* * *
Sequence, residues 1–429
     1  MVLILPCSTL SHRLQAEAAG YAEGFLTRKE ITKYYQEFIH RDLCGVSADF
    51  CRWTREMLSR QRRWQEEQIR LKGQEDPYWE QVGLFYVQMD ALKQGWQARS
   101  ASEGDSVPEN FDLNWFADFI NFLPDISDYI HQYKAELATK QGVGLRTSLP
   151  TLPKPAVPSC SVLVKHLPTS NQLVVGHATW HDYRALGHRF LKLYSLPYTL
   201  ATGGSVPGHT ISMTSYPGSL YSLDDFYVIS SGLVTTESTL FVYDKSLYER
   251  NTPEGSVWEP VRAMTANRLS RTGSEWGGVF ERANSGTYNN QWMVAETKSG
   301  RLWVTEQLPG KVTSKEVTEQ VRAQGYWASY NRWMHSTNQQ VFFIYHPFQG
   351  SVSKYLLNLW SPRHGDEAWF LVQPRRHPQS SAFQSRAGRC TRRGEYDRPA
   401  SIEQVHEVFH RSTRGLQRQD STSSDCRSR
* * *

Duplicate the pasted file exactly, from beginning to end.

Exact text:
Sequence, residues 1–429
     1  MVLILPCSTL SHRLQAEAAG YAEGFLTRKE ITKYYQEFIH RDLCGVSADF
    51  CRWTREMLSR QRRWQEEQIR LKGQEDPYWE QVGLFYVQMD ALKQGWQARS
   101  ASEGDSVPEN FDLNWFADFI NFLPDISDYI HQYKAELATK QGVGLRTSLP
   151  TLPKPAVPSC SVLVKHLPTS NQLVVGHATW HDYRALGHRF LKLYSLPYTL
   201  ATGGSVPGHT ISMTSYPGSL YSLDDFYVIS SGLVTTESTL FVYDKSLYER
   251  NTPEGSVWEP VRAMTANRLS RTGSEWGGVF ERANSGTYNN QWMVAETKSG
   301  RLWVTEQLPG KVTSKEVTEQ VRAQGYWASY NRWMHSTNQQ VFFIYHPFQG
   351  SVSKYLLNLW SPRHGDEAWF LVQPRRHPQS SAFQSRAGRC TRRGEYDRPA
   401  SIEQVHEVFH RSTRGLQRQD STSSDCRSR